TGWD gives a lot to do from the get-go. There is the normal singleplayer, referred to as Destroyer mode, then there is a boss mode comprised of 20 original bosses that are totally separate from the Destroyer mode called Mr. Manatee mode. As was just mentioned, the bosses are often redone sprites from the common enemies of the Destroyer mode, where they appear much smaller than in Manatee mode, leading to some cringe-worthy adversaries who’s individual pixel blocks can be larger than the original size of the creature. Luckily this is the mode’s major problem as not only did I find the mode highly enjoyable, but also easier to come back to as compared to Destroyer mode. Each boss often has a distinct strategy along with it, and most are rather challenging, without being overly frustrating. (You even battle a whale version of Goku, who fires huge beams out of his mouth) Both Destroyer and Manatee modes can be played on 4 distinct difficulties. At the harder difficulties the game forces you to use strategy, changing up what your tactics may be for that level or boss. However the difficulties seemingly only change certain values, such as damage, which unfortunately limits the replay-ability of being able to play and enjoy a certain level by simply changing the difficulty.
TGWD’s main scoring system is designated from certain actions, types of kills, and which creatures you kill. There are boosters such as easting multiple creatures in one bite. This scoring system has proved (at least in my case) to be incredibly addictive, and you’ll begin to want herd fish together and eat them as a group to get a certain bonus, or launch people into the air for another. If you are fast, strategic, and quick thinking you can start getting huge amounts of points, and it is intensely gratifying. There is also a high score system that compiles all your points at the end of your play time. If you are connected to the internet, it can submit them to the TGWD High Score list, where you can then compare your score with others’. If high scores are your thing, I can imagine you may spend quite a lot of time trying to top your previous score, or perhaps other people’s.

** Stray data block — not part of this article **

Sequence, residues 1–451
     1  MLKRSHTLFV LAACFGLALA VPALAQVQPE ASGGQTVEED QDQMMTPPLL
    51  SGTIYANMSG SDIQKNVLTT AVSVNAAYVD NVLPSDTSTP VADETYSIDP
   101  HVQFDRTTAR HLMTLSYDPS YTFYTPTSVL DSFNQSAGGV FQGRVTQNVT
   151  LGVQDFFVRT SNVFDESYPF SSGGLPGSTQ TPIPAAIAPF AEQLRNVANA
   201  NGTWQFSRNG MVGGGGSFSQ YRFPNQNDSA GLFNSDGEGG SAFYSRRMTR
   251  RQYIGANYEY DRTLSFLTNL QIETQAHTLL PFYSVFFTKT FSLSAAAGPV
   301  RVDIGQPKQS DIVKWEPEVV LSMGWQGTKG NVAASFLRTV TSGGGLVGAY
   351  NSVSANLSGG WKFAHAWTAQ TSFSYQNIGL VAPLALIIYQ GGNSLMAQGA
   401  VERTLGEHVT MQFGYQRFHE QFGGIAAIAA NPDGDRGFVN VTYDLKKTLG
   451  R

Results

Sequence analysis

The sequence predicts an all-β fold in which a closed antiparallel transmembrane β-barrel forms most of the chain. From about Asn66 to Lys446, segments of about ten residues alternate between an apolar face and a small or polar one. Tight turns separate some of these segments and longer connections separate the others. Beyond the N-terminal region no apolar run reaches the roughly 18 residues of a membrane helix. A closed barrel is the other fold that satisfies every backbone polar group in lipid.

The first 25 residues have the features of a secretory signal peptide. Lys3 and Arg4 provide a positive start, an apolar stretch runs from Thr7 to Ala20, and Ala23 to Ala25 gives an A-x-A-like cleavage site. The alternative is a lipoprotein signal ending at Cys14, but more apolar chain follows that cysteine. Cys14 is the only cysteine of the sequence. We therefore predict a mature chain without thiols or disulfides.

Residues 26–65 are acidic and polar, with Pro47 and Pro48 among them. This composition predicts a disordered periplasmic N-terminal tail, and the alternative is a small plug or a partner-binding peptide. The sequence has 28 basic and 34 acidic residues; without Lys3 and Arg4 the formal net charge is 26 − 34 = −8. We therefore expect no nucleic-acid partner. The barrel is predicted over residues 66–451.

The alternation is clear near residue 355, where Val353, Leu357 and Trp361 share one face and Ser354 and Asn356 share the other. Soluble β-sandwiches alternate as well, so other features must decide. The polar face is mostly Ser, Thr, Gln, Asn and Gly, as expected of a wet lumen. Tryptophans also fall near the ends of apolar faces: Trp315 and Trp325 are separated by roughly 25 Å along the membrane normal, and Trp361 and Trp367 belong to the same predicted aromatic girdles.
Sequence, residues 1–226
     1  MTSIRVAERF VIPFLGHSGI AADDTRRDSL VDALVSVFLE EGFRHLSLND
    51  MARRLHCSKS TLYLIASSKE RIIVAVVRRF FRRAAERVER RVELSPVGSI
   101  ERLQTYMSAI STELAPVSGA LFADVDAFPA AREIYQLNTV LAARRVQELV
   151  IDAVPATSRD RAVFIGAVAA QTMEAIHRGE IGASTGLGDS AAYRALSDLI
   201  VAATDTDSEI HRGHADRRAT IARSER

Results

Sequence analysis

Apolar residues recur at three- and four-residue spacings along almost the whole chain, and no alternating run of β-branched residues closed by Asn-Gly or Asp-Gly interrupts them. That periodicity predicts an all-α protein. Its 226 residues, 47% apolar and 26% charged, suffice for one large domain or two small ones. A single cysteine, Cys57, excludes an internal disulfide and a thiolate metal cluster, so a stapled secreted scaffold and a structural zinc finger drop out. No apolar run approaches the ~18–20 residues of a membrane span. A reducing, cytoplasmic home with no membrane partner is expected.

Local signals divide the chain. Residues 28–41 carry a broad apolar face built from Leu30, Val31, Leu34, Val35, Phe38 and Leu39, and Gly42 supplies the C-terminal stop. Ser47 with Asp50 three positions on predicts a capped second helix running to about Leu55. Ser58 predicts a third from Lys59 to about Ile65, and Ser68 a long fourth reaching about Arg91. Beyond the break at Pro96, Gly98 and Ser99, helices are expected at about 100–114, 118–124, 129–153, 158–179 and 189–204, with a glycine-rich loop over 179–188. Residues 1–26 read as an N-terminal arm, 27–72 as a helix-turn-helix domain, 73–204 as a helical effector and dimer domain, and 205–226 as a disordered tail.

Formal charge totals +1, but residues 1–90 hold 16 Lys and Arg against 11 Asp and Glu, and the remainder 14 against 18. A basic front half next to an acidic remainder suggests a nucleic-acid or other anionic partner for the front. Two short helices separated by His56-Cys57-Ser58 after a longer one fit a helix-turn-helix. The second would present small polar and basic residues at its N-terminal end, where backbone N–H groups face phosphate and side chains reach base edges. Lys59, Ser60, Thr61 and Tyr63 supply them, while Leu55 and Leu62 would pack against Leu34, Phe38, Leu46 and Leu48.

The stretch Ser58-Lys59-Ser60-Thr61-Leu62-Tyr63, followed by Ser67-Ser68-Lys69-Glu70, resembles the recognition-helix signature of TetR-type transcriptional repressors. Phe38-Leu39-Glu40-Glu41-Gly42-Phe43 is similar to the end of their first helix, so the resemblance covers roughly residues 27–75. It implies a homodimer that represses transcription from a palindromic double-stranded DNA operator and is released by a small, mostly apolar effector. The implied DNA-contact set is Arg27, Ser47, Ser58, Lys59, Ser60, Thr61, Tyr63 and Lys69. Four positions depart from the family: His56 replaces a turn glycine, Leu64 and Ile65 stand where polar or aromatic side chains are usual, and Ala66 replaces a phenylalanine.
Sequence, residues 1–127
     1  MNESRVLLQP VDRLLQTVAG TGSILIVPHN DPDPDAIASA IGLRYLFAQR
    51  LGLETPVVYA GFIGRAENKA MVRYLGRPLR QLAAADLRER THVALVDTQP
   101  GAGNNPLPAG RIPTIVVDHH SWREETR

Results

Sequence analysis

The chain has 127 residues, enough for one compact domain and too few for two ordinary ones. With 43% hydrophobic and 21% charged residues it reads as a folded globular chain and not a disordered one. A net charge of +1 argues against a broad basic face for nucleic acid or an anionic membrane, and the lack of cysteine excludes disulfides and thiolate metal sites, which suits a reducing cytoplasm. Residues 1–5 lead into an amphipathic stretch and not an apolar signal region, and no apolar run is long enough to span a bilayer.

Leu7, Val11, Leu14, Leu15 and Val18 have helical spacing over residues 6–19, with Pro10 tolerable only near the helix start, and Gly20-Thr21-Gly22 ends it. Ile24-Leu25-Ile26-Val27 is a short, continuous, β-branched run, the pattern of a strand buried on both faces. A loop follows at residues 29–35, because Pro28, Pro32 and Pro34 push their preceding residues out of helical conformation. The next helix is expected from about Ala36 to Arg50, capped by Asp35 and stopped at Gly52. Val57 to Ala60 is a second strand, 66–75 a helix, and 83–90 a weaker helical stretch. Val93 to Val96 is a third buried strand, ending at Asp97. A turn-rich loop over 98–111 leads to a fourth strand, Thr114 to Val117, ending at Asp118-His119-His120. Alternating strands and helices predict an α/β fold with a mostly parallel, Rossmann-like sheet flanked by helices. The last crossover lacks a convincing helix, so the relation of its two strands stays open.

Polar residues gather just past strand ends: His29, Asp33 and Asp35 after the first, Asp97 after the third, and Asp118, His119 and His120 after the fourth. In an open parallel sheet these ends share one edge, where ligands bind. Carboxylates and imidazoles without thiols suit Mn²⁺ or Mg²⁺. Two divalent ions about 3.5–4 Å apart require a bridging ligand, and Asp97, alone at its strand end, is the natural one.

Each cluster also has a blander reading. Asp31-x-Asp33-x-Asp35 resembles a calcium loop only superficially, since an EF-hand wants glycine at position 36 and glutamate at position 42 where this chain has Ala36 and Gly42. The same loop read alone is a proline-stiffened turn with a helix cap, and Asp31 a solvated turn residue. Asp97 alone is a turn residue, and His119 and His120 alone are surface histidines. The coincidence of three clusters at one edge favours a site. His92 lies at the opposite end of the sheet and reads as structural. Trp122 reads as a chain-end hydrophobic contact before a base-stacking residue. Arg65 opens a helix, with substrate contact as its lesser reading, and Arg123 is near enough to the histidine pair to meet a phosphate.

The Great White Destroyer was quite a pleasant surprise for me, I was not expecting it’s colorful theme, and cast of characters. From its aesthetic, to its sounds, to its (often) humorous dialogue it is simply very likable. It is built around a simple base, and yet accomplishes so much, even turning into one of the most strategic action games I’ve played in a while. It’s plethora of features, from it’s points system, and high score bulletin, to it’s two equally enjoyable modes fill it out to be a pretty long experience, although it wears thin after a few play-throughs. It’s Destroyer singleplayer mode is a blast, although it can become repetitive and tedious at certain points, and it’s Mr. Manatee boss mode is an awesome treat that really shows off the game mechanics well, even if the boss sprites are just redone models from the singleplayer blown up to overly-large proportions. Overall this game is quite fun, and a steal for the 6 bucks you can buy it for. I’d recommend it to any action gamer, as it is a refreshing change in gameplay compared to most games in the genre, and wrapped tight in a wonderful theme that exudes humor and charm.